The Public Affairs Advisory Committee often talks about how the work supported by the National Institutes of Health forms a tree that supports branches promoting small business development, American innovation and job creation (see diagram). Crucially, the tree is watered by federal investment in biomedical research, and branches grow and expand only when congressional funding is both constant and plentiful. When ASBMB members descend upon San Diego for the Experimental Biology 2012 meeting, they will be visiting a living example of this illustration.
In the San Diego region, there are three major research institutions located within a mile of each other: the University of California, San Diego, the Scripps Research Institute and the Salk Institute for Biological Studies. Together, they receive about $650 million annually from the NIH. With academic research flourishing, the biotechnology industry has quickly followed (see below), resulting in a staggering burst of innovation, investment opportunity and growth. Among the region’s impressive statistics are the following:
- • More than $1.5 billion in venture capital investment in 169 biopharmaceutical firms since 1995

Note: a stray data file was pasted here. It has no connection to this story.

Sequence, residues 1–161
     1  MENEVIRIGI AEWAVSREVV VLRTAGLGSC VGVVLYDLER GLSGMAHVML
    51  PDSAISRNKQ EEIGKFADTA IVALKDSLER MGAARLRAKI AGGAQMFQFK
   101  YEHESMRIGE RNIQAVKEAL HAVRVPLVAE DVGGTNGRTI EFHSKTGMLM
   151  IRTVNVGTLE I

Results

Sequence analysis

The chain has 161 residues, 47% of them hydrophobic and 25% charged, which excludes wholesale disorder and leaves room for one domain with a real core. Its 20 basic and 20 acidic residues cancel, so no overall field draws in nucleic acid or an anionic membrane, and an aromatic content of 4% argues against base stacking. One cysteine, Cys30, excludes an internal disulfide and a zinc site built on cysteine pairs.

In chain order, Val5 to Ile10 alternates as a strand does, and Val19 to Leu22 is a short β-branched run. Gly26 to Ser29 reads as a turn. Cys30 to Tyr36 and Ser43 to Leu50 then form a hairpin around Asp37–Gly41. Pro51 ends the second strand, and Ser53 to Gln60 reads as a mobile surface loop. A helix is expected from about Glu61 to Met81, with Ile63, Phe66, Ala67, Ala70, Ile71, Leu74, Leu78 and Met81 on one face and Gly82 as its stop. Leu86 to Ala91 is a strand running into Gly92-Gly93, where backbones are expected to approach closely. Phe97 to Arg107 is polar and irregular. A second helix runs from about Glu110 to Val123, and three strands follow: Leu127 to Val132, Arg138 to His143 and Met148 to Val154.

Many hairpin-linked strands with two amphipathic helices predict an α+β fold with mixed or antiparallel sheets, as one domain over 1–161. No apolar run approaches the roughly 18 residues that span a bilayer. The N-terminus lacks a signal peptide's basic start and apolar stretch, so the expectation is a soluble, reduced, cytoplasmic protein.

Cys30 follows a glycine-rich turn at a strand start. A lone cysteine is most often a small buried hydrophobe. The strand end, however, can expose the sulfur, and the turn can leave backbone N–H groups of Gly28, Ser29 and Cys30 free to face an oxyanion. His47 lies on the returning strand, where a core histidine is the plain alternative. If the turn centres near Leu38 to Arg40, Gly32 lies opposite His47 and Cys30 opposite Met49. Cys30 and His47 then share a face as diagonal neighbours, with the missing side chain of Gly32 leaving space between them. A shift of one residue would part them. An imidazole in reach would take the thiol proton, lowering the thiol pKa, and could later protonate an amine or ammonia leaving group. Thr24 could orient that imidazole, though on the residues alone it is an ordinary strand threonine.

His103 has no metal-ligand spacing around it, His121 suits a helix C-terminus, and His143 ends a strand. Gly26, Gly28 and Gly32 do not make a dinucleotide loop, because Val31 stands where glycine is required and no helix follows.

- • Ten initial public offerings by biotech companies since 1998
- • 33 publicly traded biotech companies with an aggregate market capitalization of nearly $25 billion
- • 31 firms with more than 100 employees
- • 54 firms belonging to the national Biotechnology Industry Organization
While not every town associated with a biomedical research institute can boast as impressive a résumé as San Diego’s, take a closer look around your own community and you probably will see some branches beginning to sprout.
University of California, San Diego
UCSD is in many ways the grandfather of biomedical research in San Diego, having opened its doors in 1960. In the mid-1970s, UCSD professor Ivor Royston started Hybritech, the first biomedical research firm in the San Diego area and one of the first private spinoffs from academic research (something that is now commonplace). Hybritech became an overwhelming success through its development of prostate cancer diagnostic tests and became the model for private-university partnership in the biomedical field. Hybritech alone is responsible for 50 private spinoffs started by its own employees.
Benjamin Corb (firstname.lastname@example.org) is director of public affairs at ASBMB.